So another question about your organization and action is, are you cross training staff? So when someone goes on vacation, who will do their work? A lot of fraud is uncovered when people go on vacation, and someone else has to fill in because there's a standard process. See, that's why it's important. They know, okay, these are the steps that are involved. When they go to complete those steps. They might see like, this doesn't look like that's how it was done. That seems weird. They can ask questions, because they're looking at this is what's supposed to happen. So that's why it's important that you've documented, that's why it's important that you encourage people to go on vacation, because you want to know that your system works even if they are not there. 

Another thing you should be checking on is when and on what does the board chime in on? So if your policy is saying, yes, the board approves purchases above 10,000. If we were to look at your cash records about cash that went out and I look at your actual minutes. Those aren’t mentioned. So it's a clarification that needs to be done on, oh, the board chimes in on things not already approved above this threshold, so that it's clear what the board is actually going to say, Yep, that's our fault, we missed that. They might say, oh, we should have caught that a different way. It wasn't because the approval went out wrong.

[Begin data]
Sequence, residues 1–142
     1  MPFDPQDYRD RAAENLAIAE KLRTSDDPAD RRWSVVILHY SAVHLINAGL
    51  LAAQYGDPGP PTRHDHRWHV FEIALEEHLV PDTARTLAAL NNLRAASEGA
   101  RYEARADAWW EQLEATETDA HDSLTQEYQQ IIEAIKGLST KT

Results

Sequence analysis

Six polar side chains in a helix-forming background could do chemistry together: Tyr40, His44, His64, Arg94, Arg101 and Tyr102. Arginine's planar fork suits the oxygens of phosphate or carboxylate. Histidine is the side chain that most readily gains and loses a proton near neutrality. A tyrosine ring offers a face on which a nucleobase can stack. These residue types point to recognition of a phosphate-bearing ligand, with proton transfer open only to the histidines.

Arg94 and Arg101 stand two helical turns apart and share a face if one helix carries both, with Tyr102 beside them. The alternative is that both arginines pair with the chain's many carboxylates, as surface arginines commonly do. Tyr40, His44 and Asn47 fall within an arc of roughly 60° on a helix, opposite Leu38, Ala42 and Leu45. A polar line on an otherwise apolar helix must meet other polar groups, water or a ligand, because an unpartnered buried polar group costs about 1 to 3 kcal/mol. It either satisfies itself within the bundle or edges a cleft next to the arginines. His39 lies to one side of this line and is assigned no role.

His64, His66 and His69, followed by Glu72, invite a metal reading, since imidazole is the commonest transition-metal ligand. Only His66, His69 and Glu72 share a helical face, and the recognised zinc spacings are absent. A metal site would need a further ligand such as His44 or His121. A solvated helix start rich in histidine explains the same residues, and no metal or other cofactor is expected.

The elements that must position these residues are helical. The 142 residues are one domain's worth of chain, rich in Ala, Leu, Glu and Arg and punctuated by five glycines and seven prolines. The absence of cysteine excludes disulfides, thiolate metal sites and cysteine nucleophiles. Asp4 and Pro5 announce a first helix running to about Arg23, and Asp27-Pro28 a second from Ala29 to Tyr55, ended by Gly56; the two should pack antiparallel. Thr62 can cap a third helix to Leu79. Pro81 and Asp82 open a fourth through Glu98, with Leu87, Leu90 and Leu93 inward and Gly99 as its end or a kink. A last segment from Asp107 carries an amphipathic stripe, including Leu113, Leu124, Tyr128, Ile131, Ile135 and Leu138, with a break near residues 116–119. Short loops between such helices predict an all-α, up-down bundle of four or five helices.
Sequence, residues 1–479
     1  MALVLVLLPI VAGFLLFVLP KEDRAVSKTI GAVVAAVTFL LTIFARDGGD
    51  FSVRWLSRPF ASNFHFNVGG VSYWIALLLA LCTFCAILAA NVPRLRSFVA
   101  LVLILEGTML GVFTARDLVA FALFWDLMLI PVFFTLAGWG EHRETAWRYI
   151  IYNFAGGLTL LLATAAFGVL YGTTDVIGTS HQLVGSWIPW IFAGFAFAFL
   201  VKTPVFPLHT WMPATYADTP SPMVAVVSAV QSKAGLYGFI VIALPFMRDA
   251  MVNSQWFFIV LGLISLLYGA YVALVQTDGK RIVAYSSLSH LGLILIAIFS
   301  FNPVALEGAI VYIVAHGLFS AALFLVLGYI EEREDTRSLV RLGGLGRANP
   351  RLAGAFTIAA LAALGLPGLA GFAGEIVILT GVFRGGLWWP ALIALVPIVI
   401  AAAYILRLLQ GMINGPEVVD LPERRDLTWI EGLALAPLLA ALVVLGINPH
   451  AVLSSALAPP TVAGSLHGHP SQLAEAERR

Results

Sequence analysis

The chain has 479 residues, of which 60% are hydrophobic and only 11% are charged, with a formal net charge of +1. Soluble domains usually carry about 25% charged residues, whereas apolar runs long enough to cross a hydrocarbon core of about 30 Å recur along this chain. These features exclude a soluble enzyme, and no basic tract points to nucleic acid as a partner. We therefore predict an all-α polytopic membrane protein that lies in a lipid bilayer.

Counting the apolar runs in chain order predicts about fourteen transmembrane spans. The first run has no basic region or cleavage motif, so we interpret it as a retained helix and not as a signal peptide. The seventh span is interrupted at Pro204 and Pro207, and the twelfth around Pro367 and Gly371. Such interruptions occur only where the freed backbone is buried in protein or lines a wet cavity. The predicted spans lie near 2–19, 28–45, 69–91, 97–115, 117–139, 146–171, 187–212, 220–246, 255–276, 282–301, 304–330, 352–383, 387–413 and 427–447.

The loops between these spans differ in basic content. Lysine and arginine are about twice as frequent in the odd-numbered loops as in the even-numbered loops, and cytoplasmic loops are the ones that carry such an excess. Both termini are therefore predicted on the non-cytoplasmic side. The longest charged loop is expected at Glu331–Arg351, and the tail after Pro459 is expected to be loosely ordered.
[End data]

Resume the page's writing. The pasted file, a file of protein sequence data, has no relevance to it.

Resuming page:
The other thing is like what deviations are possible? So if you know your process is that checks over $5,000 require two signatures. Does your system require that? So if the check got to the bank, would they still cash it? Yes and that's a deviation from your system. And a possible solution is to look at a system like where it says you can put in those parameters. We need approvers. So because they're digital, they're not physically signing the check. There's a different way. So you say, Okay, we need two approvers if it's above this amount, and because is not personally invested, there is no sob story you can tell, like, can we not do it this one time? is like, well, when that second person approves, that's when I will send this check out. 

And so think about that as you get through this week. Think about the things that your organization actually does. Not what it says it does or what it wants to be doing but what actually is happening at the organization so that you can document that. Compare it with what you're targeting to do and you can work towards it, you can think of ways to improve. 

Remember, during your fraud risk assessment is not just about protecting the organization. It's also about protecting the reputation of your employees and your workers. All right, then. Have a good day. This has been another episode of The Nonprofit Ace Podcast.


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Fraud Risk Assessment